October 27, 2015

Where Stories Come From: BLACK BAT MYSTERY VOL 3

You know, I could be rather pedantic and just encourage you to read my introductory essay, "The Auteur & The Vigilante" after "The Magnificent Anderson" in Airship 27's excellent Black Bat Mystery, Vol 3 collection....but that would be a bit snarky.

I could simply cut and paste the essay from the original Word document and post it here, but that would be 1) lazy and 2) detrimental to sales.

So in an effort to encourage you to purchase this book, here's what I'm going to do....many writers will claim various sources of inspiration, but I can point my finger at the one man who is responsible for starting the process that led to the writing of this story.

And that man's name....is Chuck Moore, my former Comic Related editor and current co-host of The Charlie Tonic Hour.  

I wish this story had better, more elaborate details - you know, things like a mysterious phone call in the night, a sudden road trip to Texas, and a large attache case full of newly minted $100. It's the kind of story that Chuck deserves....but it's not quite that colorful.

In fact, it was the result of Chuck posting two videos on his Facebook page - a fan-created video that postulated a Batman film starring none other than Orson Welles. And now, for your viewing pleasure....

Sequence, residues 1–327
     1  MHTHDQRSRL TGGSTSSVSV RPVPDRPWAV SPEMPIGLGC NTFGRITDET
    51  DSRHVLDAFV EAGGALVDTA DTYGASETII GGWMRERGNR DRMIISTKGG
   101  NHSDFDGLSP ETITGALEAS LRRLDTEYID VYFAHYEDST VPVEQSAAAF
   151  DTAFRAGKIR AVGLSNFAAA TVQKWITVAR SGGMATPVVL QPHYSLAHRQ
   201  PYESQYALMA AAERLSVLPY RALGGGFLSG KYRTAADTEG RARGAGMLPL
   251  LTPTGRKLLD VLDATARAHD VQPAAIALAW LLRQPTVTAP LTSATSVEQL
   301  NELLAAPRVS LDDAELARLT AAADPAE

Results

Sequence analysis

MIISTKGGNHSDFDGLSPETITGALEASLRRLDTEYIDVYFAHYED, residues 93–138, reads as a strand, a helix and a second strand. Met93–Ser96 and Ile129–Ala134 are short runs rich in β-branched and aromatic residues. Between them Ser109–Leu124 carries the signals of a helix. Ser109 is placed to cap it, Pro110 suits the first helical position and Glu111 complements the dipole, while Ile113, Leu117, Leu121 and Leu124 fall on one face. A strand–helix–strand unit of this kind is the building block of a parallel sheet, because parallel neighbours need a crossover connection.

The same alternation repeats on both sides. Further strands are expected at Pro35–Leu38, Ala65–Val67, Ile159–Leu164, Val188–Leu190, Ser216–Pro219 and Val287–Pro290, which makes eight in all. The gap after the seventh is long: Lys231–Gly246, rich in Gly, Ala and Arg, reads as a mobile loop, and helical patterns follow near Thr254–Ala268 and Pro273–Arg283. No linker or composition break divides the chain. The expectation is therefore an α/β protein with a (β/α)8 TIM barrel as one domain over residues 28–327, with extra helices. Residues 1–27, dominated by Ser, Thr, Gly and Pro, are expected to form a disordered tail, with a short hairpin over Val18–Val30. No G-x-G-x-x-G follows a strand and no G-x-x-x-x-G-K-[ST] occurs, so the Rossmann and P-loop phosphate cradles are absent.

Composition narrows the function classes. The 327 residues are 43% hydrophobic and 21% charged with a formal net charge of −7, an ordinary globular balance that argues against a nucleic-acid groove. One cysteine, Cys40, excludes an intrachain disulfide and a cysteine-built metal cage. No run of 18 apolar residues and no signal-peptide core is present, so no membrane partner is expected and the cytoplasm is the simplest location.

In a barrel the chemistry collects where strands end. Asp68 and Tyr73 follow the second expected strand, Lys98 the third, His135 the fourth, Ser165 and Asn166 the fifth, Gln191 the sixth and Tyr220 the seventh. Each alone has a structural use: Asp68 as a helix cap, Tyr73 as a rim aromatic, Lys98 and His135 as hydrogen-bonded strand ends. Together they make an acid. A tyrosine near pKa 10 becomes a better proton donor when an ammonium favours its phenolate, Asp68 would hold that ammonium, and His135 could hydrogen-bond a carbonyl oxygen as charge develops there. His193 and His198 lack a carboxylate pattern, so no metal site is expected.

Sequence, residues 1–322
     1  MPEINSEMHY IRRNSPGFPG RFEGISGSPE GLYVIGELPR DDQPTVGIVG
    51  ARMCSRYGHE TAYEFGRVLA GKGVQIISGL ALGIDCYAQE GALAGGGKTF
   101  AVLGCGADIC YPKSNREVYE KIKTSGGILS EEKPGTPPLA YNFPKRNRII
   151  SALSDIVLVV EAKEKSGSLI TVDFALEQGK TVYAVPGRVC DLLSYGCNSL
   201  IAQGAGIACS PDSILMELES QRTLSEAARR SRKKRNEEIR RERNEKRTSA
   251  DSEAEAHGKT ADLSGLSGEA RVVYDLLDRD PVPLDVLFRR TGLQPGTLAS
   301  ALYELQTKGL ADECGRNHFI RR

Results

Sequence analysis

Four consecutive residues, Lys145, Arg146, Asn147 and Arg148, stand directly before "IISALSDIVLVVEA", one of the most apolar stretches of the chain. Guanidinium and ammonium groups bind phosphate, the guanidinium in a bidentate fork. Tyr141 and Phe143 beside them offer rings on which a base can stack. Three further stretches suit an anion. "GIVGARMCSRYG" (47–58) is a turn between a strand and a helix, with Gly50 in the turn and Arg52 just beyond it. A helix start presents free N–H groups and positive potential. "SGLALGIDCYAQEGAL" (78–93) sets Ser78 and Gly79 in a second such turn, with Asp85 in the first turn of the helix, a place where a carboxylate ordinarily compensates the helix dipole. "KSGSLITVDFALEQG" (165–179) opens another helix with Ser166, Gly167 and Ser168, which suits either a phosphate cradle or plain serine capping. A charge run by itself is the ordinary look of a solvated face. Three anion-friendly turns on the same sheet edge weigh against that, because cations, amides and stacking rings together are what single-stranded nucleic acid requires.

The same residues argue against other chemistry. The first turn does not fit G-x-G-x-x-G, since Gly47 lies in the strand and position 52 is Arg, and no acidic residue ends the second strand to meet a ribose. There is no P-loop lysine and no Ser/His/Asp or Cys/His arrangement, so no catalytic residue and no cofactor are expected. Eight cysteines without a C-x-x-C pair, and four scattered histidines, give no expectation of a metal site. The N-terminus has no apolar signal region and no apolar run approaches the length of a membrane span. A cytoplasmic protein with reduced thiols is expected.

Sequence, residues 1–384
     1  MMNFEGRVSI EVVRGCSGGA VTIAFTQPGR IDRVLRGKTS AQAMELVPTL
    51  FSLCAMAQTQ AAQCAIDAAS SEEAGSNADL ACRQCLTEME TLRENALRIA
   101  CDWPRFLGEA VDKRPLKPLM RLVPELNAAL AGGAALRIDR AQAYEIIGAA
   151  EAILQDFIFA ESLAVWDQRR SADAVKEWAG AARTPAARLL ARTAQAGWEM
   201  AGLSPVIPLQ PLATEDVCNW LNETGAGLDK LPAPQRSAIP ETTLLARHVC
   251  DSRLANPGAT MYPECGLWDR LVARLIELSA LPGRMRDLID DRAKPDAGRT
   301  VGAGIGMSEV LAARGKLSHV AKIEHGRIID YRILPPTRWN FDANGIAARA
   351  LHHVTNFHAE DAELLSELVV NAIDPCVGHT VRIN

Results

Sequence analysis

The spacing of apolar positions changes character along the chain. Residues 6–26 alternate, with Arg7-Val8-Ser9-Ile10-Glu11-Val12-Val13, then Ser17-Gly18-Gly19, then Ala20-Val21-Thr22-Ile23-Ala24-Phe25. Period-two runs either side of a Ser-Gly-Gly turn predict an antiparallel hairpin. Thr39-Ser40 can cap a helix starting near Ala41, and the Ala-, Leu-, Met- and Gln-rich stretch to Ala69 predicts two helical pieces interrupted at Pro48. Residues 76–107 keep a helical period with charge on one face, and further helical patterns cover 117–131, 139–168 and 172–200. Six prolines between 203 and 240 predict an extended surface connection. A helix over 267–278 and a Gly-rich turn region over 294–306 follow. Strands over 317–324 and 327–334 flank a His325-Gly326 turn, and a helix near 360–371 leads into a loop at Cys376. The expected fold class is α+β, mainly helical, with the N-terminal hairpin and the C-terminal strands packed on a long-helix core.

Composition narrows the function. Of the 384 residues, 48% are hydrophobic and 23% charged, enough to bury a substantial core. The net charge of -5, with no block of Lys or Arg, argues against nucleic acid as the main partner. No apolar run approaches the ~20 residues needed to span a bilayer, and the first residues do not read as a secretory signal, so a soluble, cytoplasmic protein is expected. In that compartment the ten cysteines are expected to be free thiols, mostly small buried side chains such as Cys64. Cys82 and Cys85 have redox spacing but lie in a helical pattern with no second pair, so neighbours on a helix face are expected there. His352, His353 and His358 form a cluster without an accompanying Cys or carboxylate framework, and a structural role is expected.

So after viewing, and having copious amounts of free time (due to being....what is the word....unemployed), I found myself indulging in some research, and came across an interview where Welles was describing how he wanted to make Citizen Kane a kind of "social document".

So it hit me....what if Welles based his "social document" on an honest-to-goodness pulp hero? And, thanks to Airship 27, I knew there was an opening for a Black Bat Mystery anthology....and thus the story was born.

It went through a series of tentative titles, none of them very good, including:

  • Citizen Payne (which sounds like a bad 1980s action flick);
  • The Magnificent Payne (Yes, before he was "Randy" Anderson, he was Roderick Payne); and
  • Lights! Camera! The Black Bat!
("The Magnificent Anderson" was a great compromise - it let the reader know about the in-joke, and the reason I didn't include the actual historical figures....if you know that three well-known people and Sparky, the Donut Boy are suspects in a murder, you can be well assured that Sparky's going to be the murderer. You're not going to mess with history).

So what came forth was an unusual pulp tale - one that combined high intellect with lower motivations. One with plenty of nods to Welles' life without seeming too knowing. It's a great little tale, and I think it shows how much I have grown as a writer.


Chuck gave me my first professional "break" as a writer....and in a strange way, he's done so again.

John Wilson and Brant Fowler have a lot of catching up to do. 

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